The Securities and Exchange Commission (SEC) may have mandated XBRL tagging for financial reporting but XBRL US is also keen to extend its reach into the asset backed securities (ABS) markets. In a recent testimony to the US Domestic Policy Subcommittee Oversight and Government Reform Committee, Mark Bolgiano, president and CEO of XBRL US, recommended establishing a single data standard in the mortgage backed securities (MBS) market based on XBRL.
“XBRL US has developed a prototype dictionary of terms for residential mortgage backed securities (RMBS) which could be a starting point to a broader development of XBRL data in the ABS market,” he explained to the committee earlier this month. To this end, Philip Moyer, XBRL US board member and CEO of Edgar Online, has been heading a team at the standards body to develop the XBRL dictionary for mortgage data, which Bolgiano indicated is now ready for use.
According to Bolgiano, the requirements for greater transparency in Troubled Asset Relief Programme (TARP) funds reporting and oversight can be met using XBRL. He believes that the standard will bring a consistent format to data on financial condition, risk, value, and compensation information regardless of the sources of that data. He contended that XBRL would bring “quality, consistency and interoperability” to the patchwork of proprietary data formats used in the ABS markets.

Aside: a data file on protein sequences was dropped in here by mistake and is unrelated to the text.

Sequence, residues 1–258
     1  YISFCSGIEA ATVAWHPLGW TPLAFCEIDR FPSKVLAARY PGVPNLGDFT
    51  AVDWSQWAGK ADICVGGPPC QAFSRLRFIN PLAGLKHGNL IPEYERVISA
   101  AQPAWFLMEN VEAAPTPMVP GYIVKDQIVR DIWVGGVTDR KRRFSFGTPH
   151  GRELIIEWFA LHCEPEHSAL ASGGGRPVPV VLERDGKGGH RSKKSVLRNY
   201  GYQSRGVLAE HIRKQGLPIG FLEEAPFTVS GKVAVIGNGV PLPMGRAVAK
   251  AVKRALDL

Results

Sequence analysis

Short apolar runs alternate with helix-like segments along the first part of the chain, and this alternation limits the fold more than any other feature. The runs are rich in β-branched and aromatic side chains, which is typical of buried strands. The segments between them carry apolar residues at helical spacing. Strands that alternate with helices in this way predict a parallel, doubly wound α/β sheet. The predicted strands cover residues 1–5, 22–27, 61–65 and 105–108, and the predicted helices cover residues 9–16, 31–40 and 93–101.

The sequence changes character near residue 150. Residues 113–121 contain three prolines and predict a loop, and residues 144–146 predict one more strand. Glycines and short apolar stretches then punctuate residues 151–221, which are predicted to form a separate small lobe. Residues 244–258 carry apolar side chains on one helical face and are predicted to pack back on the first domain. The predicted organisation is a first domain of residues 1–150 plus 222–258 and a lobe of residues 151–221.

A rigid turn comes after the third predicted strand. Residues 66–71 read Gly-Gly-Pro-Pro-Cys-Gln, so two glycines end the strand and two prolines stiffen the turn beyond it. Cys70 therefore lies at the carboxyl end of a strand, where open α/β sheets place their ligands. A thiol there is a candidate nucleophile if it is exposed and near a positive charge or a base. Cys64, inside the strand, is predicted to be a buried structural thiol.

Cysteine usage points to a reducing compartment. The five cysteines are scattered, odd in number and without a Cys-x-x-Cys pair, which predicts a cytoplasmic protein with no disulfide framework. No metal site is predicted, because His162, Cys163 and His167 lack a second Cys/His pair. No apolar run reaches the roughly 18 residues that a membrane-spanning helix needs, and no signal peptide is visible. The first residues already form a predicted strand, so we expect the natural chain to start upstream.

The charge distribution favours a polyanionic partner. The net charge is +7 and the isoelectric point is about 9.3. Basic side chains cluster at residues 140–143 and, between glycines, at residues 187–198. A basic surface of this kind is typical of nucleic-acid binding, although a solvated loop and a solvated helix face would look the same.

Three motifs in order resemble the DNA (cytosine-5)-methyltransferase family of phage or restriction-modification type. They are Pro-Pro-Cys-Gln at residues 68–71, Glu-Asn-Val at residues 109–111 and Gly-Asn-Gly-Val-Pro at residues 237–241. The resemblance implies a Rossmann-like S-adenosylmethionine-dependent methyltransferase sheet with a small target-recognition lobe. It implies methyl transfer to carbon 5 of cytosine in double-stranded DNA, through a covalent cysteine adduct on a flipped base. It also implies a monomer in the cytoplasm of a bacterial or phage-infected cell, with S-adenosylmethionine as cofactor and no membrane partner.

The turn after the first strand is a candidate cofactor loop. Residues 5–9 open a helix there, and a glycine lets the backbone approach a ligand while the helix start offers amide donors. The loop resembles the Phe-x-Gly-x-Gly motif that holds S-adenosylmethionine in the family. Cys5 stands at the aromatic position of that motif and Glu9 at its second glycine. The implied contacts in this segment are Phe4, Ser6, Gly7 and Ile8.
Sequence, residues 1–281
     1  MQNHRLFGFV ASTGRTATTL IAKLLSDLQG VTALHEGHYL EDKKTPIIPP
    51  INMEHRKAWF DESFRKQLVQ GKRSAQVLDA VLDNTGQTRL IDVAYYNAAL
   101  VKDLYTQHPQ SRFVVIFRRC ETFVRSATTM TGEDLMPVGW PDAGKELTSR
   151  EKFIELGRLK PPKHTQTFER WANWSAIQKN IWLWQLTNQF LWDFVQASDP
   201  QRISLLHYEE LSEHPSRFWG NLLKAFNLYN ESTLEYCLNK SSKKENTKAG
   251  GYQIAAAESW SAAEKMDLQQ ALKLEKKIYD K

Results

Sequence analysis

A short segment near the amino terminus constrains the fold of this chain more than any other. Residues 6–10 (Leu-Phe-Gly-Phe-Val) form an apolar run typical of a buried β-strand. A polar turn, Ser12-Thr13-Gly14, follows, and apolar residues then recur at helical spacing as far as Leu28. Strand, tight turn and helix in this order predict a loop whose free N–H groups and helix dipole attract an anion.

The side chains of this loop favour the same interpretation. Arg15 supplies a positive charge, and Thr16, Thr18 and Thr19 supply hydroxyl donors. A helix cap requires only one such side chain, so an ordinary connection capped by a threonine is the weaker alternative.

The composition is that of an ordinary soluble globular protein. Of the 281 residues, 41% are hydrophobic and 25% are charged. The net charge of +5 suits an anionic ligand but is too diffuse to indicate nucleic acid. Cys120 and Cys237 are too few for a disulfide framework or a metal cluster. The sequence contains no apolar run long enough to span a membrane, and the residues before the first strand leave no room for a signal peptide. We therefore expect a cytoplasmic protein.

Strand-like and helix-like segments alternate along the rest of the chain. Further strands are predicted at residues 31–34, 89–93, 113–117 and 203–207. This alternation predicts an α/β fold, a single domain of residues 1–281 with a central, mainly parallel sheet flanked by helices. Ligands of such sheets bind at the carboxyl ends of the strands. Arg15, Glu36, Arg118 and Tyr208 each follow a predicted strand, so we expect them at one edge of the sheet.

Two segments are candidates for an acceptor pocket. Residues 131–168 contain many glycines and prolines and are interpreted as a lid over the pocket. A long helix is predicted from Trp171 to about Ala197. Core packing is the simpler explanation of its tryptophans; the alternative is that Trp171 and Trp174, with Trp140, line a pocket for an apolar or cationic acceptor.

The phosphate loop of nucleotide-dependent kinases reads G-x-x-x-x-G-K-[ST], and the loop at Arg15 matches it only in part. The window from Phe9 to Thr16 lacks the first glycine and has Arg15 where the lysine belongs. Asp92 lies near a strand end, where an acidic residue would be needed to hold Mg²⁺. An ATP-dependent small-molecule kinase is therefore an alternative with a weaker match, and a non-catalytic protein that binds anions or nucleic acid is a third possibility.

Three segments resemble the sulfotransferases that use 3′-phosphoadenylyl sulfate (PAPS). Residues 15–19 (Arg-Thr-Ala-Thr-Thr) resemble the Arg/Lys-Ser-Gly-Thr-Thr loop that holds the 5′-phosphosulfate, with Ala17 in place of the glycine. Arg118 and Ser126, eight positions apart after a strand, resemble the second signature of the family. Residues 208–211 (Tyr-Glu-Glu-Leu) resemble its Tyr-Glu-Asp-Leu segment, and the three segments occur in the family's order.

Bolgiano explained: “With an agreed?upon data standard and XBRL, issuers, investors, rating agencies and regulators could forecast actual discounted cash flows of the individual loans, making it significantly easier to value each security – effectively ‘normalising’ the data so that the security can be valued using a recognised valuation method.”
Certainly, the idea of tagging the often substantial source documents on which ABSs are founded so that they can be more easily processed seems logical enough. By holding this data in an electronic format it would also be much easier to drill down to a more granular level of detail at short notice, should the market take a turn for the worse.
“Once the data and technology standard have been determined, the existing pool of toxic assets can be valued if certain industry players will provide data on the underlying loans. Once that data is in hand, the XBRL dictionary of terms, for example the RMBS prototype, can be used to determine the value of existing toxic assets against a set of defined criteria, including those acquired under TARP. XBRL could also be used to support the valuation of other baskets of securitized assets, for example new issuances supported by the Term Asset?Backed Lending Facility (TALF),” said Bolgiano.
During the testimony he also went on to describe the current usage of XBRL around the world including for financial reporting in the US and the proposals to introduce these data tags in the corporate actions space.
Given the SEC’s predisposition towards using XBRL to solve its data woes, the XBRL US case is made that much stronger in the US market. No doubt we will be hearing much more about the MBS proposals in the coming weeks.
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